The following examples are scenarios that a bank with such a balance sheet will need to be able to perform confidently and quickly.

  • Performing deterministic shocks on IR and CS-sensitive products

    Performing deterministic shocks on IR and CS-sensitive products to undertake Interest rate risk (IRRBB), and Credit spread risk (CSRBB) analysis.

    Figure 1
    EBA IRRBB Commentary - Figure 1

    Figure 1 shows us where the shocks on the sample contracts mortgage portfolio are broken down to into interest rate and the credit spread impact.

  • Transactional deposit and accounts sensitivity analysis under a static run-off strategy

    Transactional deposit and accounts sensitivity analysis where behavior risk is sensitive to the IR and CS risk factors, under a static run-off strategy.

    Figure 2
    EBA IRRBB Commentary - Figure 2

    In figure 2, we can see that under the parallel shock-up scenario, the increase in the interest rates triggers an increase in interest expenses in the short run. However, the depositors are running off to other asset classes with higher yields, paying back the outstanding loans and returning the interest expenses to balance.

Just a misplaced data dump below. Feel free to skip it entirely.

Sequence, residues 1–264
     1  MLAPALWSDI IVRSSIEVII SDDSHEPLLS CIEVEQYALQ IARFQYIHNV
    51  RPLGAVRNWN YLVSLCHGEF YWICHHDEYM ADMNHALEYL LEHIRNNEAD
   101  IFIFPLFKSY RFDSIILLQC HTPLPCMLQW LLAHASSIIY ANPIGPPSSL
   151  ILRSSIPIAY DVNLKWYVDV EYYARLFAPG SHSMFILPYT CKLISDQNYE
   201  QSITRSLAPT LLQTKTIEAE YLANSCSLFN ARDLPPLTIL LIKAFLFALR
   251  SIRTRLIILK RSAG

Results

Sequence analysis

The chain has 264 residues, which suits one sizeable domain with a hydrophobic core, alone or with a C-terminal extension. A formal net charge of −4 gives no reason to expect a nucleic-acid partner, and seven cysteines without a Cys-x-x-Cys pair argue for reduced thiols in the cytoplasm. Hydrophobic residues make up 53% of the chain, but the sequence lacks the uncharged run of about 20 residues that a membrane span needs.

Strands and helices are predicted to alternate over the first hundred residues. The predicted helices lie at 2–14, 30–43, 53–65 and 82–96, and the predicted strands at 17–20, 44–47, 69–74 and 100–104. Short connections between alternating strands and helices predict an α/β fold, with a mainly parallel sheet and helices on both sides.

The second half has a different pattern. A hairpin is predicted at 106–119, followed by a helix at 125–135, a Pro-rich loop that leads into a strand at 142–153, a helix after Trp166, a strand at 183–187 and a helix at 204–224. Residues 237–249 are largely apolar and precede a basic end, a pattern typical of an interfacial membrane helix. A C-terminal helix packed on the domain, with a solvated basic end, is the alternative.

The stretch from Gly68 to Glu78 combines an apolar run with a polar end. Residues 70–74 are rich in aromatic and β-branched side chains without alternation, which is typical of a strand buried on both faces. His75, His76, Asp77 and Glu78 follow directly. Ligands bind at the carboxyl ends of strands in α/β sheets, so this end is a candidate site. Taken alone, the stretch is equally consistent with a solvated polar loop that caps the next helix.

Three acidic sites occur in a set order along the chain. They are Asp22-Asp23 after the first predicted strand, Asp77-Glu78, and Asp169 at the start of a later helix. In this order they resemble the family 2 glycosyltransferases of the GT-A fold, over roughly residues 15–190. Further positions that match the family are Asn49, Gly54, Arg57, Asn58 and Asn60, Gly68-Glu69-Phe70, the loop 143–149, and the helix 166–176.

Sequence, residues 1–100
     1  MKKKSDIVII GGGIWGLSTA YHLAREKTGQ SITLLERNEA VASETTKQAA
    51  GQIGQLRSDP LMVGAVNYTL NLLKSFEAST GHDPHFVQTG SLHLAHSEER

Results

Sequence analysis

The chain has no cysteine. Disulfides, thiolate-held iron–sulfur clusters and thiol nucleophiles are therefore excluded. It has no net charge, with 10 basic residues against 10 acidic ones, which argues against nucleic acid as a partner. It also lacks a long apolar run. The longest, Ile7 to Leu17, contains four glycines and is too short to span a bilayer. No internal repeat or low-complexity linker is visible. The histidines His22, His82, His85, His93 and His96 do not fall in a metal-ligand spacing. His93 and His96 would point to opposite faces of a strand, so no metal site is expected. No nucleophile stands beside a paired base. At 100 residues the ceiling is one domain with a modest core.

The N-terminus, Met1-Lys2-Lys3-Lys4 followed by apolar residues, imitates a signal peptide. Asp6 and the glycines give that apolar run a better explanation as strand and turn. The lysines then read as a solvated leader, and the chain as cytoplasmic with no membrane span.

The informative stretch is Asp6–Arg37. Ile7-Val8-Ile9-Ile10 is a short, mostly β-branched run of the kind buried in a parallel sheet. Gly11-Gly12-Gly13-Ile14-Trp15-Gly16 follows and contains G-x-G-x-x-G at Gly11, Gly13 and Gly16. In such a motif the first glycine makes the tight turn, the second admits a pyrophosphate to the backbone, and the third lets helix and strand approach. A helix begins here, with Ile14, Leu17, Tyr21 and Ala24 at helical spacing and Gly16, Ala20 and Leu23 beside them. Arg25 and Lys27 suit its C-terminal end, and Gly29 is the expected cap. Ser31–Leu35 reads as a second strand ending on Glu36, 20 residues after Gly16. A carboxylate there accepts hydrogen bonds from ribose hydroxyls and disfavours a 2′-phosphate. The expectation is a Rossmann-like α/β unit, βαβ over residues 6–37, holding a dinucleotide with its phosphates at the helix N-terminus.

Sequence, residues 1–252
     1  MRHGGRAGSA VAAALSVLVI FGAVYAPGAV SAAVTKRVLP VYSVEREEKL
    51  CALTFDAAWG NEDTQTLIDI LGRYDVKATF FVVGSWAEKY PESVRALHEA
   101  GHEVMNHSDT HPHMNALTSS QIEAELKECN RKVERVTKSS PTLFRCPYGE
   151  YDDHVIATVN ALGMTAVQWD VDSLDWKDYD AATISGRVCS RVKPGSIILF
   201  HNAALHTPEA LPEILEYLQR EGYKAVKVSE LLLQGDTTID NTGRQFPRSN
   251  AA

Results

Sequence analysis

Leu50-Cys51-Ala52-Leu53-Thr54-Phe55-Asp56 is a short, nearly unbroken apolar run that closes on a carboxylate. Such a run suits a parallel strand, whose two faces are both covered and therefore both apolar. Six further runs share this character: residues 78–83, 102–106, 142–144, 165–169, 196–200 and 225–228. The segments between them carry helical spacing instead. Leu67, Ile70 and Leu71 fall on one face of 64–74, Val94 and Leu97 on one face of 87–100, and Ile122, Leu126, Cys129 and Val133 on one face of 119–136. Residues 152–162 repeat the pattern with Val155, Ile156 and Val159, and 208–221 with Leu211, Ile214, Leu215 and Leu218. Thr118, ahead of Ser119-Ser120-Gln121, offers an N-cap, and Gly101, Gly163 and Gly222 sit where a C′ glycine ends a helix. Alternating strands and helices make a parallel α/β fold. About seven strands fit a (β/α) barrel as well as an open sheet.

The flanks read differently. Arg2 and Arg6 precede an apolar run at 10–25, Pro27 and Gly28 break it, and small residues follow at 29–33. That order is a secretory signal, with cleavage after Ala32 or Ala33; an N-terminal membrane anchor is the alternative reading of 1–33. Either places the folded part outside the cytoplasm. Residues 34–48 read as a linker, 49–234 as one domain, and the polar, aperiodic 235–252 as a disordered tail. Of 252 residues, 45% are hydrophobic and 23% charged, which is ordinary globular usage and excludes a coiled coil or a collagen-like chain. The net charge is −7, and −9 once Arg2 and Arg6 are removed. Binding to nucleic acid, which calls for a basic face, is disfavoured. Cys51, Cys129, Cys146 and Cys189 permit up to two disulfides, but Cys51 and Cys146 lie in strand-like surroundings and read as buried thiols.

• Movements of IR (IRRBB) and credit spreads (CSRBB)

    Movements of IR (IRRBB) and credit spreads (CSRBB).

    Figure 3
    EBA IRRBB Commentary - Figure 3

    In Figure 3 we can see the impact of the interest rate shocks for each scenario on the medium-term contracts in the banking book. The bank needs to be able to report the effects of these shock scenarios on the interest income.

  • Sensitivity GAP reports driven by the parallel shock-down scenario

    Sensitivity GAPs under different terms and the underlying interest rate risk factors

    Figure 4
    EBA IRRBB Commentary - Figure 4

    In Figure 4 we can see the sensitivity GAP reports driven by the parallel shock scenario.

    Figure 5
    EBA IRRBB Commentary - Figure 5